Dictionary of Concepts in Cultural Anthropology

Front Cover
ABC-CLIO, 1991 - Social Science - 347 pages

The field of cultural anthropology describes and interprets the thought and behavior of contemporary and near-contemporary societies. Inherently pluralistic, it offers a framework in which the distinctive perspectives of each cultural world can be appreciated. Robert Winthrop's dictionary describes the major concepts that have shaped the discipline, both historically and theoretically. It sets modern anthropology in its proper context within the broader intellectual tradition.

Eighty entries review the key concepts--culture, race, nature, symbolism, adaptation, the primitive, etc.--that have established the fundamental problems and issues, guided research, and served as the focus for debate in key areas of the discipline. The entries which range from 2,000 to 6,000 words in length, are both thorough in treatment and contemporary in relevance. Some entries are primarily of historical significance while others describe recent developments. Each entry contains an annotated bibliography and a guide to additional reading on the subject. While this is not primarily a technical lexicon, many terms have been glossed and explained. Designed to be useful to students of anthropology, this dictionary will assist those in other disciplines to find their way through the anthropological labyrinth.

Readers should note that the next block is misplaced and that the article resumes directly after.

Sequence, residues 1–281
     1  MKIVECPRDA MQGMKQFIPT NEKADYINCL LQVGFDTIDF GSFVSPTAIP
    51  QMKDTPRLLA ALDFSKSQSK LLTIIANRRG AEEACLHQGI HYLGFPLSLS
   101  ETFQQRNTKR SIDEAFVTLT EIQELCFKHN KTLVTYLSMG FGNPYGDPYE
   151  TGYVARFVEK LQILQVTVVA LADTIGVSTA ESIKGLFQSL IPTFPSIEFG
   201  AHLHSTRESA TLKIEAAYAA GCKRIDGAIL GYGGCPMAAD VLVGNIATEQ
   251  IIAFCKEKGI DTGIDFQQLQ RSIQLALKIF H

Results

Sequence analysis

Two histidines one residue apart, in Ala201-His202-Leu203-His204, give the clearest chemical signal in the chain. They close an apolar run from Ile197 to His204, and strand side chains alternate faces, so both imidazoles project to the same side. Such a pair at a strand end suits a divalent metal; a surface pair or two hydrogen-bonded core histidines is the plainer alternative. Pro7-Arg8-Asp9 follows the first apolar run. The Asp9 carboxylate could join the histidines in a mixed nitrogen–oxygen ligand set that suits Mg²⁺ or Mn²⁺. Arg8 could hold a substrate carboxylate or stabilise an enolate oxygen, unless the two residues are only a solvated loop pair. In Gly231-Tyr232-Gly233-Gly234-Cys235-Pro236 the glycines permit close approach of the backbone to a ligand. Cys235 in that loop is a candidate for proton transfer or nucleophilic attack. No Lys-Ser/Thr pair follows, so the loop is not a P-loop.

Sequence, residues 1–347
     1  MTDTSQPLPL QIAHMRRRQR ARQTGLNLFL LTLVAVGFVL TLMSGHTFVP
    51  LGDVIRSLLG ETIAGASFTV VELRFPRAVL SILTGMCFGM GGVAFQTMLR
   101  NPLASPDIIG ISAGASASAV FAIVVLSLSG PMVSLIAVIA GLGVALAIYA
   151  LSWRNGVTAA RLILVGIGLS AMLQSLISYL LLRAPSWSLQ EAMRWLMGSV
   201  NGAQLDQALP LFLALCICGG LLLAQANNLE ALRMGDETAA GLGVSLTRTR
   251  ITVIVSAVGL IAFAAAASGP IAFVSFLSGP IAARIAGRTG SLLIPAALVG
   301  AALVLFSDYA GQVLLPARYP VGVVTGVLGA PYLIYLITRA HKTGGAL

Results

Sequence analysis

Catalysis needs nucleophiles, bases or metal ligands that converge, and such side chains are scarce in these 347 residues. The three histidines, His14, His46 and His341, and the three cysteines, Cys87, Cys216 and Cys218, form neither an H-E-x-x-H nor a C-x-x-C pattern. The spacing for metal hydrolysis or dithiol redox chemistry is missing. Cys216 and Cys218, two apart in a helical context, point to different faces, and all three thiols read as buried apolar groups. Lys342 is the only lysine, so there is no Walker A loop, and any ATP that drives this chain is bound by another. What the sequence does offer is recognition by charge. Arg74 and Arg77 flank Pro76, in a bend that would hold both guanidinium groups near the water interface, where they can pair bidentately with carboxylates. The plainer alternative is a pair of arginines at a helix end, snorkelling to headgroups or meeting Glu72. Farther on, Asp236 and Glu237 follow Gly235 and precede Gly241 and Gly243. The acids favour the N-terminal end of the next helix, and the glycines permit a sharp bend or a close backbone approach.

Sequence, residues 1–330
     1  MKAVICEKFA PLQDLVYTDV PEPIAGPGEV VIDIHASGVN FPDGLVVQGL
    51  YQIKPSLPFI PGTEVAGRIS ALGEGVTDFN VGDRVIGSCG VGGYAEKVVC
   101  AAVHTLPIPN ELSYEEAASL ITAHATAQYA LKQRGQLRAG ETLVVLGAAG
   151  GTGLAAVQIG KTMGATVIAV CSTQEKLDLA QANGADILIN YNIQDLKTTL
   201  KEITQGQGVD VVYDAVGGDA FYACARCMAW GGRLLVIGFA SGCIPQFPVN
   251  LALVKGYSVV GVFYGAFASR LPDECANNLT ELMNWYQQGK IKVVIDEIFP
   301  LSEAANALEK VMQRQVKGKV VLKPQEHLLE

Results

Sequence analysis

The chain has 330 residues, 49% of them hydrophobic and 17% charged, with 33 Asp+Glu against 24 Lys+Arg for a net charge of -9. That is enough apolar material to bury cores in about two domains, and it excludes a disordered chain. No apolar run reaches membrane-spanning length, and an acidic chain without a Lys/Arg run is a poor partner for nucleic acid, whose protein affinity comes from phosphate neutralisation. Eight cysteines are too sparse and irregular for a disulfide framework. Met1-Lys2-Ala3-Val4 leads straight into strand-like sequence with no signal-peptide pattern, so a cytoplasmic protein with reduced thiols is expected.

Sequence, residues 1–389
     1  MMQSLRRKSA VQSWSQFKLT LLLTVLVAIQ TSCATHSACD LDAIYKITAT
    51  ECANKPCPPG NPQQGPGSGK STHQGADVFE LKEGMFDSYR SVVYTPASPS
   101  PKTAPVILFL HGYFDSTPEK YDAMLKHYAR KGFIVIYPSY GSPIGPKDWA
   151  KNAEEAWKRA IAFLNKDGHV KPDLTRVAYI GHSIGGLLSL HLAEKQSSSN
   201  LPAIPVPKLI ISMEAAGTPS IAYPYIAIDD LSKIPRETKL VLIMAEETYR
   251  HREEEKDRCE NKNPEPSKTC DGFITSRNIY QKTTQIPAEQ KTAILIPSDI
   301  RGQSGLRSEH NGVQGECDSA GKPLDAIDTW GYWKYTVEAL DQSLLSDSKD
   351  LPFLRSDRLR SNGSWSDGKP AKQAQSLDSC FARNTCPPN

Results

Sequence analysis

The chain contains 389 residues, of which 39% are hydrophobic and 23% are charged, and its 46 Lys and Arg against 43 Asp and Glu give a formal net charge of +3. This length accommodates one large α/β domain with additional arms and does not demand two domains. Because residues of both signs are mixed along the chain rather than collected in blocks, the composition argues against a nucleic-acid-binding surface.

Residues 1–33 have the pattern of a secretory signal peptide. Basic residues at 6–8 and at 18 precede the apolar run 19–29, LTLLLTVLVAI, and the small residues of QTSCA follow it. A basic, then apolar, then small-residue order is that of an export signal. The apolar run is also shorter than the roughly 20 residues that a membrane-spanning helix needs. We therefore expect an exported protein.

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About the author (1991)

ROBERT H. WINTHROP is the principal of Winthrop Associates Cultural Research and an Adjunct Professor at Southern Oregon State College. He edited the 1990 book Culture and the Anthropological Tradition and contributed a chapter to Living with the Land and has published in Anthropology Quarterly.

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